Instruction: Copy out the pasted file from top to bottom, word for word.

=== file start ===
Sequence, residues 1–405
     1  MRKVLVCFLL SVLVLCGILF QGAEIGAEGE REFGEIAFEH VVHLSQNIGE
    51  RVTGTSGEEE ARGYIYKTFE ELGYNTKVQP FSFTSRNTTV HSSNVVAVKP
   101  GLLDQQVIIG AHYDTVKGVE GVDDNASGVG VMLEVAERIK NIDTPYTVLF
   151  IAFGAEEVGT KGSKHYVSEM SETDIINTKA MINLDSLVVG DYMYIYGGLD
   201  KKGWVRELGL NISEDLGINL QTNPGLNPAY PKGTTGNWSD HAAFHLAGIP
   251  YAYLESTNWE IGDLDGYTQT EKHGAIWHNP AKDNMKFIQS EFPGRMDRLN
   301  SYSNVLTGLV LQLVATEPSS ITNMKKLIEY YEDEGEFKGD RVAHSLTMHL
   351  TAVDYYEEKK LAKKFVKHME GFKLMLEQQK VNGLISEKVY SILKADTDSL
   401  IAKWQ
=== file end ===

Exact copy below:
Sequence, residues 1–405
     1  MRKVLVCFLL SVLVLCGILF QGAEIGAEGE REFGEIAFEH VVHLSQNIGE
    51  RVTGTSGEEE ARGYIYKTFE ELGYNTKVQP FSFTSRNTTV HSSNVVAVKP
   101  GLLDQQVIIG AHYDTVKGVE GVDDNASGVG VMLEVAERIK NIDTPYTVLF
   151  IAFGAEEVGT KGSKHYVSEM SETDIINTKA MINLDSLVVG DYMYIYGGLD
   201  KKGWVRELGL NISEDLGINL QTNPGLNPAY PKGTTGNWSD HAAFHLAGIP
   251  YAYLESTNWE IGDLDGYTQT EKHGAIWHNP AKDNMKFIQS EFPGRMDRLN
   301  SYSNVLTGLV LQLVATEPSS ITNMKKLIEY YEDEGEFKGD RVAHSLTMHL
   351  TAVDYYEEKK LAKKFVKHME GFKLMLEQQK VNGLISEKVY SILKADTDSL
   401  IAKWQ